Lee Westwood led for much of the final round, but wound up with another close call at a major.
TURNBERRY, Scotland -- For a time, it looked as if it was Lee Westwood's time. Sure, the sentimentalists were pulling for 59-year-old Tom Watson to win the British Open, but Westwood appeared ready at 36.
Westwood took the lead with an eagle at the seventh hole in Sunday's final round, but trailed Watson by a stroke entering the 72nd hole. A three-putt from 45 feet after driving into a fairway bunker had Westwood wondering "What if?" before Watson lost a playoff to Stewart Cink.
"Gone from frustration to sickness," Westwood was able to smile. "Yeah, it was a tricky two-putt at the last."
Westwood charged the first putt six feet past the hole. "I thought I'd have to hole it, to be perfectly honest," he said. "I didn't see Tom bogeying the last ... but he obviously got a bogey there."
That made it all the more difficult to reconcile missing the six-foot comebacker, which Westwood pulled. That kept him from joining the playoff after Watson followed with a bogey 5 at the last. Westwood's birdie at the 17th wasn't enough to overcome bogeys at 15 and 16 before the final three-putt. "I bogeyed three of the last four, when you look at it," he said.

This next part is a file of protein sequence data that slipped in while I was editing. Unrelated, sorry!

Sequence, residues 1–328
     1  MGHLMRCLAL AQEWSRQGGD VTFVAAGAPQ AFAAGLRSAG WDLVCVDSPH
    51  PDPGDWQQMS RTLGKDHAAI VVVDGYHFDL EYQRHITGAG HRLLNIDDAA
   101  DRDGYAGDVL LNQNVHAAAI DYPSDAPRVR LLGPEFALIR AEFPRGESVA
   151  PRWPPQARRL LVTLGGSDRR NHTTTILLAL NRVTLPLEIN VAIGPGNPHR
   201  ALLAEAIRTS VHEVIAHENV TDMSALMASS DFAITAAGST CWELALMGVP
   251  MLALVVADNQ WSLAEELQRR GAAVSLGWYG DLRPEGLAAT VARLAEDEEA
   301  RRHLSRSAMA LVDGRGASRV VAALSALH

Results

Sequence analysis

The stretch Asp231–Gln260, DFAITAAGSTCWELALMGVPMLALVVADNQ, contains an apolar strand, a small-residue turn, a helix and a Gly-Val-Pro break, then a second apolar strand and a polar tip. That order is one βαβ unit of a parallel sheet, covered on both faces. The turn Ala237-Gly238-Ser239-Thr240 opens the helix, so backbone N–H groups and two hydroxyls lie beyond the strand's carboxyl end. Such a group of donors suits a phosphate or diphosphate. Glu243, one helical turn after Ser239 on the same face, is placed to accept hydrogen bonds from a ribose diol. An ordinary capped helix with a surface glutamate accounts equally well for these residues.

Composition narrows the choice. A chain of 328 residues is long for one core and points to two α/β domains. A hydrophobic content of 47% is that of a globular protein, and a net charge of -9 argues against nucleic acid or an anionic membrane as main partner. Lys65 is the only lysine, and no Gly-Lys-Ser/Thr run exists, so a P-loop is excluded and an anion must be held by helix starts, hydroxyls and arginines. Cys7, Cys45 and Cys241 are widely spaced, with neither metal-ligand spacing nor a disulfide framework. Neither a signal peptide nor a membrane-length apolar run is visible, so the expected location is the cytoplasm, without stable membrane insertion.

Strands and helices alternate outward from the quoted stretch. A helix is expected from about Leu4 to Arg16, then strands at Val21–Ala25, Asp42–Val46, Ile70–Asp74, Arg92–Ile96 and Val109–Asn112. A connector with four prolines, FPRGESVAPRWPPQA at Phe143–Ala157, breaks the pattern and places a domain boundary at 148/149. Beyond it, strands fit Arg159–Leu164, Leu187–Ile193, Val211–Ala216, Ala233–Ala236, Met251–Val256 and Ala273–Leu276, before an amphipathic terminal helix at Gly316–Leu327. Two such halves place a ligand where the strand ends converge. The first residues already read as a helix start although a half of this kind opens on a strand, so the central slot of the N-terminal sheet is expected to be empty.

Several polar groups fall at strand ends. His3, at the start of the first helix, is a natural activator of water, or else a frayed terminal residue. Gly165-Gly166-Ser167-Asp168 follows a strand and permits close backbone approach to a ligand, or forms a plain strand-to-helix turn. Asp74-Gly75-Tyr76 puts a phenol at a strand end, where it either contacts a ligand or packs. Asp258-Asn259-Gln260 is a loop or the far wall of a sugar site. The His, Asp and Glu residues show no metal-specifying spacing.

It's not Westwood's first disappointment in a major. Last year in the U.S. Open at Torrey Pines, he missed a birdie putt on the 72nd hole that would have put him into the Tiger Woods-Rocco Mediate playoff.
"Both are pretty sickening, but obviously this is the Open Championship, and it's the one that means the most to me," said Westwood.
Fellow Brits Ross Fisher and Chris Wood had their chances as well. Fisher took the lead with a birdie-birdie start but made a quadruple-bogey 8 at the fifth after hitting his tee shot right, leaving it in the long grass with his second and then pulling his third into an unplayable lie on the left. Wood, who tied for fifth in the Open last year at Birkdale as a 20-year-old amateur, also bogeyed the 18th to miss the playoff by a stroke.
After watching Cink and Watson, Westwood knows the value of perseverance, and he's already looking ahead to the PGA Championship at Hazeltine. Asked when he might expect to challenge again, he answered, "Hopefully, about four weeks."